Promising (or expecting!) the world?


A customer whose car was damaged whilst on their forecourt was offered a meal to compensate.

Author: Stephanie Strachan
Reading time: 2 minutes

This article is 7 years old.

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Here at Lawgistics we feel quite sorry for the Audi Garage in Watford that was recently presented with a restaurant bill for £714.61.

A customer whose car was damaged whilst on their forecourt was offered a meal to compensate them for the inconvenience whilst the car was being repaired.

The customer decided she had free license to spend what she liked by spending an extortionate amount on a meal for two. We all know that consumers can sometimes expect the world but this is also a very harsh reminder of how careful dealers have to be with the promises they make to their consumers.

So should Audi have paid the bill in full or even half of it as they have promised? We think not!

Definition of meal– “an occasion when food is eaten, or the food that is eaten on such an occasion”

We would advise that Audi should certainly not pay for the four glasses of champagne, two bottles of wine, six cocktails and a sloe gin that the consumer is reported to have ordered. Alcohol and drinks are not included in the definition of a meal.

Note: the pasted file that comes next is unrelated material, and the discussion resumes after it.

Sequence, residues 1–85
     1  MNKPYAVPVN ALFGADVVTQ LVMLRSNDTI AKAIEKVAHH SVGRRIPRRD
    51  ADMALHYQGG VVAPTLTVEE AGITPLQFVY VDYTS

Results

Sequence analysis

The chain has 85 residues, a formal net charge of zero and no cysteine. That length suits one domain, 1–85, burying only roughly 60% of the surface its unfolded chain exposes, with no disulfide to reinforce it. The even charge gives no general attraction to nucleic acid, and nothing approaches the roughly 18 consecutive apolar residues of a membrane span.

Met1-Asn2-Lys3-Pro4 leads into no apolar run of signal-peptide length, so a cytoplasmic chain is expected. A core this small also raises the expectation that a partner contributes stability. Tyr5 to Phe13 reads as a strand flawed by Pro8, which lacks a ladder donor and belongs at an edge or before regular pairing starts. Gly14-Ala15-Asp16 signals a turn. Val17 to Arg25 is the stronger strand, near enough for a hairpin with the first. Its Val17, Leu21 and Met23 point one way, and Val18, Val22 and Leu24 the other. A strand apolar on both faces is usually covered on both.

If you want to go above and beyond for your customers (and we think Audi have!) then that’s fine but remember that just because a consumer expects something doesn’t mean you have to provide it! 

The watch word is “reasonableness”.

So be careful next time you promise to do something for a consumer. Make sure you set clear terms and conditions to any offer and make sure everything is in writing. It always helps when dealing with consumers who decide to behave unreasonably.

Be careful not to promise the world or the world might beat a path to your door!

Unfair or unreasonable customer expectations or demands, take a look at our ‘Legal Rights Explained booklet or Members contact the Legal Helpline.

Stephanie Strachan

In remembrance of Stephanie Strachan 1990-2020

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